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Wednesday, May 7, 2014

Comments Which Conservatives Block From Their Blogs For May 7, 2014

My apologies go to the Imaginative Conservative Blog for listing some of my comments posted to their blog as being blocked when they were not. This has occurred from the beginning of this series of blogposts. This was an honest mistake on my part stemming from changes they made in how they showed  whether a comment was to being considered. At the same time, it is my fault because the mistake was due to a lack of thoroughness on my part. Each post that was listed as blocked but was not now has a note immediately below it. Again, my apologies to the Imaginative Conservative Blog for my carelessness. 



May 1

To Matt Smethhurst and his blogpost on the importance of knowing the councils and the heresies. This appeared in the Gospel Coalition blog. 




This post is a good start in telling us what to study in church history, but there is another side of the coin which must be considered here. Being a christian is not just a matter of having right beliefs, it is also a matter of having right actions. Though in a different way than heretical beliefs, our false works can show our faith to either be false or to bring discredit to God. And we don't have to travel far in Peabody's Way-Back Machine or travel around the globe to see such examples.

Back in Civil War times, we had Christians who defended, in more ways than one, slavery. I've talked to Conservative Christians in today's world who defend business's use of sweatshop labor. We should note how American Christians of the past not only defended but took part in the ethnic cleansing of America's indigenous people. And we have American Christians who give automatic support to America's interventions and network of military bases. We should also be aware of how the Puritans once persecuted and even martyred Quakers. We need to ask ho are today's targets of Church intolerance.

Of course once we start our time and location travels, we should note the religious wars in Europe, the burning heretics and witches at the stake in Geneva, centuries of European anti-Semitism, European colonization of other countries which included the preaching of the Gospel by colonizers and oppressors.

I know that orthodoxy and heresy are important subjects to study. But we can't be content with them so as ignore orthopraxy and past abusive behaviors practiced by the Church. We could find that a more complete study of Church history better equips us to be faithful to spread the Gospel better than a partial history.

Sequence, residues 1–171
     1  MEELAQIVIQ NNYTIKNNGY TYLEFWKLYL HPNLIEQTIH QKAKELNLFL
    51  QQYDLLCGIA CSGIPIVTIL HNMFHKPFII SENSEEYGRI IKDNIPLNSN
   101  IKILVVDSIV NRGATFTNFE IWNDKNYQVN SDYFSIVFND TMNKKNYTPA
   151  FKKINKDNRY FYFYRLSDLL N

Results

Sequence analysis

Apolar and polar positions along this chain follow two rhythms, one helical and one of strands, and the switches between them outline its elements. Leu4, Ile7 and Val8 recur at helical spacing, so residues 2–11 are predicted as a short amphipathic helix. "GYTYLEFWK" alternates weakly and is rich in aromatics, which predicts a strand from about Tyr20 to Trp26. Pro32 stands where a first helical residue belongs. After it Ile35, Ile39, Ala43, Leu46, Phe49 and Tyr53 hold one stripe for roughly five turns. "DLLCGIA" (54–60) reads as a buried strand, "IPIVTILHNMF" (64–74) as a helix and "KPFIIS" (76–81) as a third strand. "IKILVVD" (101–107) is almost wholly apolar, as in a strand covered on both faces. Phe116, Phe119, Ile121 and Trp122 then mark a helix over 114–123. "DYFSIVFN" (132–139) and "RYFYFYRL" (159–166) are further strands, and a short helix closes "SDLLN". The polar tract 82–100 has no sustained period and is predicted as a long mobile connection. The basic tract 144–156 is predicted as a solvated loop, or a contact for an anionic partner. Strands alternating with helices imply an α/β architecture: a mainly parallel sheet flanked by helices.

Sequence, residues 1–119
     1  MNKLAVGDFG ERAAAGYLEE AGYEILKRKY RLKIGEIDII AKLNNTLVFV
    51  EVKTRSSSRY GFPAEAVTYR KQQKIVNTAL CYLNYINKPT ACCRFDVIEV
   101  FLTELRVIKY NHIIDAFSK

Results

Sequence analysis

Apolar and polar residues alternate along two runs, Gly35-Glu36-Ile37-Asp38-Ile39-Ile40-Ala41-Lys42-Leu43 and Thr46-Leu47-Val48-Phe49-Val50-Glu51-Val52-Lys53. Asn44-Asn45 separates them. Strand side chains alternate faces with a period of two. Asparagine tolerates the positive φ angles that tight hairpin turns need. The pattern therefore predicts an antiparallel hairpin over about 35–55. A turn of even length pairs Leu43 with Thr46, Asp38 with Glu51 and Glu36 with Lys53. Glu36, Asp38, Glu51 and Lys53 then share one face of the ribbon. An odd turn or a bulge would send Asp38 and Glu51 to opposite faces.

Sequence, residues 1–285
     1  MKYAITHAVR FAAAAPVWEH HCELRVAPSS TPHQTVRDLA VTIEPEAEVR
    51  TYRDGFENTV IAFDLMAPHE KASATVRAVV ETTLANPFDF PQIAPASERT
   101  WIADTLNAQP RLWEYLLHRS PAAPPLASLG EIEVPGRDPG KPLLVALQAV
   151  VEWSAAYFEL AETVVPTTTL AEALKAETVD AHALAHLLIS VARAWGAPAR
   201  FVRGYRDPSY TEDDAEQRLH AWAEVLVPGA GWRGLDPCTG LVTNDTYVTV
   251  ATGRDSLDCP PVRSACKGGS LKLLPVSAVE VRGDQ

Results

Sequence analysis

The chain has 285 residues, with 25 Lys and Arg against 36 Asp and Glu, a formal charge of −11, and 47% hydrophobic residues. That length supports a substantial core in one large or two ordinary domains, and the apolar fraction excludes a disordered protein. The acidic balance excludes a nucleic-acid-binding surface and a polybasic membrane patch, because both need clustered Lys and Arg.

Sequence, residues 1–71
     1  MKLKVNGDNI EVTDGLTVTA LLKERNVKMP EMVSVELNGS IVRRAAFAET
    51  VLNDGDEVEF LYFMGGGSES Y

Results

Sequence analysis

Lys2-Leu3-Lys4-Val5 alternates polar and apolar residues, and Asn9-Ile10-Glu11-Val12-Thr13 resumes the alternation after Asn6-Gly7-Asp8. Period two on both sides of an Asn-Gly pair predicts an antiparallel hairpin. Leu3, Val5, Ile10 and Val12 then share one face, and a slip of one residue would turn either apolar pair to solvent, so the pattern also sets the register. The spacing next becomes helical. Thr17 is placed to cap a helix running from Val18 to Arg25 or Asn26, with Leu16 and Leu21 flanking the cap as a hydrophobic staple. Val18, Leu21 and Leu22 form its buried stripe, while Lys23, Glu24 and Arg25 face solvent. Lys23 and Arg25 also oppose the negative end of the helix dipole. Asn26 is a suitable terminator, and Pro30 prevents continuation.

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May 5

To Ray Nothstine and his blogpost about an interview with Russell Moore on religious liberty. This appeared in the Acton blog.


There is a problem with Moore's interview. That problem is though he recognizes the dangers of secularizing culture armed with state power and the power of the state to say to Christians that they must bake cakes for same-sex weddings, he seems completely unaware of religious cultures armed with state power and the power of the state to deny same-sex marriages. In other words, it's not the power of the state that is the issue, it is who is in control of culture. Take the issue of same-sex marriage as an example. While Moore complains about a strong state dictating that Christians must go against their religious convictions by providing services to same-sex marriages or paying for contraceptives in Obamacare, he seems to have no qualms over a state that is strong enough to deny same-sex couples the right to be married because such marriages are wrong according to Christianity. 

For as long as Christians seek a privileged status for Christianity in society, it will show itself to be an enemy of democracy. That is because in a democracy, rule belongs to everybody. But when a group has a privileged status, rule belongs to some. And that is what our culture war is about. For it seems that the secularization of culture equals the loss of the privileged status for Christianity and thus, according to many of my fellow Christians, the loss of religious liberty. And the more we protest this loss, the more we discredit our faith for at least being so very disingenuous. 

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To Joe Carter and his blogpost calling Seattle's raising of the minimum wage foolish. This appeared in the Acton Blog


Let's see how many of those predictions come true and then look at why afterwards. For, will raising the minimum wage be found to be harmful simply because it was raised too much or too little?

But in the meantime, let's look at some current, tolerated foolishness. For example, it's foolish to only pay attention to unemployment numbers while ignoring how many of those employed are working for poverty wages. And it  foolish it is to allow many corporations to pay workers poverty wages and depend on gov't assistance to subsidize their payrolls while doing all they can to avoid paying taxes.

I find it odd that only the employment rate is being looked at by those who oppose raising the minimum wage or the minimum wage itself. Well, maybe not odd. The lack of concern with keeping the minimum wage current with the cost of living does show one's loyalties.

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